Transcribed from the sermon preached February 22, 2015
The Reverend Max Lynn, Pastor
Scripture Readings: Mark 1:9-15, Genesis 9:8-17
Imagine we had no pictures of earth from space, no satellites, no planes or cars, no weather reports of high and low pressure, wind or precipitation. Imagine you lived in one place your whole life. And then one day there is a flood. The rivers, the Tigris and Euphrates, the Nile have no barriers, nothing to keep them from flooding their banks and going whichever direction they please. It rains and rains and soon there are mudslides and rushing flash floods. Many lives are lost. And so people look for reasons. It must be that the gods are angry.
Now since the preservation and formalization of story is done by the winners, those in power, the common flood story became a means to explain why humans should stay quiet. The Babylonian Creation Story, dated about 1800 BCE, the Atrahasis begins, “When the gods instead of man did the work, bore the loads, the gods’ load was too great, the work too hard, the trouble too much…” They created humans so the gods could rest. But soon the humans became too loud and disturbed the god’s rest. What you miss in explanation when you look the story up on the internet, are the obvious economic and political implications. The noise the humans are making is the anger and complaints of the peasants who suffer under the slavery serving the gods. And of course, there is the issue of population; as the humans become more populous, they are harder to control. So the gods send plagues, drought, pestilence, famine. That doesn’t work so finally the gods cause a flood. But the god Enki takes pity on his servant, the wise and kind Atrahasis, warns him of the coming flood and tells him to build and ark and put two of every animal within. Another god, Enlil, is angered when he finds out there are survivors, but Enki explains a way to keep humans quiet and less trouble: Make a new kind of human that has disease and make them less fruitful. Meanwhile, Atrahasis, the Noah like survivor, represented by the king of course, is whisked off to a garden paradise to live apart from these new human beings.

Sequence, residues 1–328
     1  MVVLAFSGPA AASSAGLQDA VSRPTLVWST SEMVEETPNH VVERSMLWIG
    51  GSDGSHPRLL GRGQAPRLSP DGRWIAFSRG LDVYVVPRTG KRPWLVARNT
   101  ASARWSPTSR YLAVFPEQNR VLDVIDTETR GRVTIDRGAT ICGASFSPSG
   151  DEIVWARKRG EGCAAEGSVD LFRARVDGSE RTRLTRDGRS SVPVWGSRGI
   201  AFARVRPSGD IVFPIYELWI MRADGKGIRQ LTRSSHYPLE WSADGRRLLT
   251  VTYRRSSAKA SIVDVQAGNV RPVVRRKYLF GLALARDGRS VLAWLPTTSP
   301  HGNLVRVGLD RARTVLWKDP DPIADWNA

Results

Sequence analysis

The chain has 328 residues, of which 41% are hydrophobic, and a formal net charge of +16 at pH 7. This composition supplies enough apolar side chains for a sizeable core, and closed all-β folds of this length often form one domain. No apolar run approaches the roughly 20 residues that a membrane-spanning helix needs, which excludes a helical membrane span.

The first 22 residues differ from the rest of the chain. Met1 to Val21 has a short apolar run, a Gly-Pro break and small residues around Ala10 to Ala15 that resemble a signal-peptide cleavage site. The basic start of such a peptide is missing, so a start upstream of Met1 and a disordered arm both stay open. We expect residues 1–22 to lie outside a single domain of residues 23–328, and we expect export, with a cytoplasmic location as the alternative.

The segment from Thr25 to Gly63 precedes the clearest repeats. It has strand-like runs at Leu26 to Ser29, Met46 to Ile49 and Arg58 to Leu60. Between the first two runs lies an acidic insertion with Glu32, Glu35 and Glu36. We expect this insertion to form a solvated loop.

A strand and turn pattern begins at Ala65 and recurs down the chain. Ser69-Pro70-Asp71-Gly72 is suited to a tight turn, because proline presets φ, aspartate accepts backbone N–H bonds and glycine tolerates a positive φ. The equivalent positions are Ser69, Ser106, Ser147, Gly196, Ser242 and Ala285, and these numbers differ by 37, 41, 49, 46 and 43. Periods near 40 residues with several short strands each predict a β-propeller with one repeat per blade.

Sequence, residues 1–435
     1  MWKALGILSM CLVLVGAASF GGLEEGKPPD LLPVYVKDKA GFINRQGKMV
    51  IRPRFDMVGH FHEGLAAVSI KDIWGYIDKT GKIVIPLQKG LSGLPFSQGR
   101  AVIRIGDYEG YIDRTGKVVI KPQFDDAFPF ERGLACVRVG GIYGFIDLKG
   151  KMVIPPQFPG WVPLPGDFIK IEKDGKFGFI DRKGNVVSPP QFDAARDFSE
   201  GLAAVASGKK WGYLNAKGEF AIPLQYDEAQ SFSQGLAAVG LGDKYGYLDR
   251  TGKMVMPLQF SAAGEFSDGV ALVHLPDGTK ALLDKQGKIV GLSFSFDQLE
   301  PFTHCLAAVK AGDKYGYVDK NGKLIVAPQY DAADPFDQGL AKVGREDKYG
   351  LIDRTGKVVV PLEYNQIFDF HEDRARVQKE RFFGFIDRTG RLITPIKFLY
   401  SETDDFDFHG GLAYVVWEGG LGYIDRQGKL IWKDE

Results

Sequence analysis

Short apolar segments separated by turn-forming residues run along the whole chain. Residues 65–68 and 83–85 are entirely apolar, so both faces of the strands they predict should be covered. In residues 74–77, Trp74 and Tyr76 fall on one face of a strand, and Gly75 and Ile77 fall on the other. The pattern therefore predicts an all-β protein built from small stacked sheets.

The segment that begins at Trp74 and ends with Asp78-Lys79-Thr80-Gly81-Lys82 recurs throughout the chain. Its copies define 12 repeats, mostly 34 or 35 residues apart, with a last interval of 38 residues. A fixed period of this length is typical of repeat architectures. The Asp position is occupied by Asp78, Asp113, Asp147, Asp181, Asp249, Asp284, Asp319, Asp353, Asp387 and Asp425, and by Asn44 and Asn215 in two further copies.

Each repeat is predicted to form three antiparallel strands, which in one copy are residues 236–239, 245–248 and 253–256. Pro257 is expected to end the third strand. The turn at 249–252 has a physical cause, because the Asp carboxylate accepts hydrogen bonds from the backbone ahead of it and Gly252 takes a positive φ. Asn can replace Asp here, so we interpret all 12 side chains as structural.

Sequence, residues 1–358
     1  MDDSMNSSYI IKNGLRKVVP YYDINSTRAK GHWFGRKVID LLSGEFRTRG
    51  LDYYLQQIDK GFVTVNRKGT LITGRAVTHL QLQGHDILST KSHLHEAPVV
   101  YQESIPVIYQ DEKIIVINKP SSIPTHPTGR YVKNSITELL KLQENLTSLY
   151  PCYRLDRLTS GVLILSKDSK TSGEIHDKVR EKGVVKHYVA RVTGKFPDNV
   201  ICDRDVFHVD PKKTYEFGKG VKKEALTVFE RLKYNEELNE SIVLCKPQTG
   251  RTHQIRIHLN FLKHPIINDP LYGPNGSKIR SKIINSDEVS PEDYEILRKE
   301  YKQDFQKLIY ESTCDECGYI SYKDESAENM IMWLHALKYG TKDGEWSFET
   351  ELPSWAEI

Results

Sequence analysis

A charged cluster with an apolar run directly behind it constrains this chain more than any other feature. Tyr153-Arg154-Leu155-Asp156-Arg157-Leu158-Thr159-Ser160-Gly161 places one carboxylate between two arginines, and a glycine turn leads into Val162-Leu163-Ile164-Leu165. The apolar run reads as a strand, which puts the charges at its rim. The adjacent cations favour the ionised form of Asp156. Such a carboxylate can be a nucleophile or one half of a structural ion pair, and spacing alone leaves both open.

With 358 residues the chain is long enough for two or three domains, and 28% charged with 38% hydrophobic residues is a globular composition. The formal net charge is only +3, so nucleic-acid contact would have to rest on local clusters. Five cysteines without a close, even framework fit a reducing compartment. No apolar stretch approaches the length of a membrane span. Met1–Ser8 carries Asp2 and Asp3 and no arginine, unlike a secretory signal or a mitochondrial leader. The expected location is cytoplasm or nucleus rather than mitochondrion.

Now if we are hell bent on insisting that the bible’s version of the flood story is the literal truth, that the flood covered the whole earth and Noah was able to get either two or seven of each species of animal on the boat (depending upon which version you choose), then we miss the real significance of the biblical story, which was written first by David’s scribes, and then added to by the priests who had been dragged off to Babylon.
In the biblical version, humans start out in paradise, and it is Cain, the father of the urban elite, who begets violence, murder and oppression that spreads like a disease throughout humanity. So it isn’t the noise of the people slaving after the gods that causes the flood, but those who act like gods and oppress and murder the people, thereby making them cry out loud. It is violence that gets God angry. And after it is over, and God feels bad, he decides to hang his battle bow, unstrung, up in the sky to remind him he is willing, even though humans may sin, to stay in covenant with them. And rather than preventing them from being fruitful, he says, be fruitful and multiply.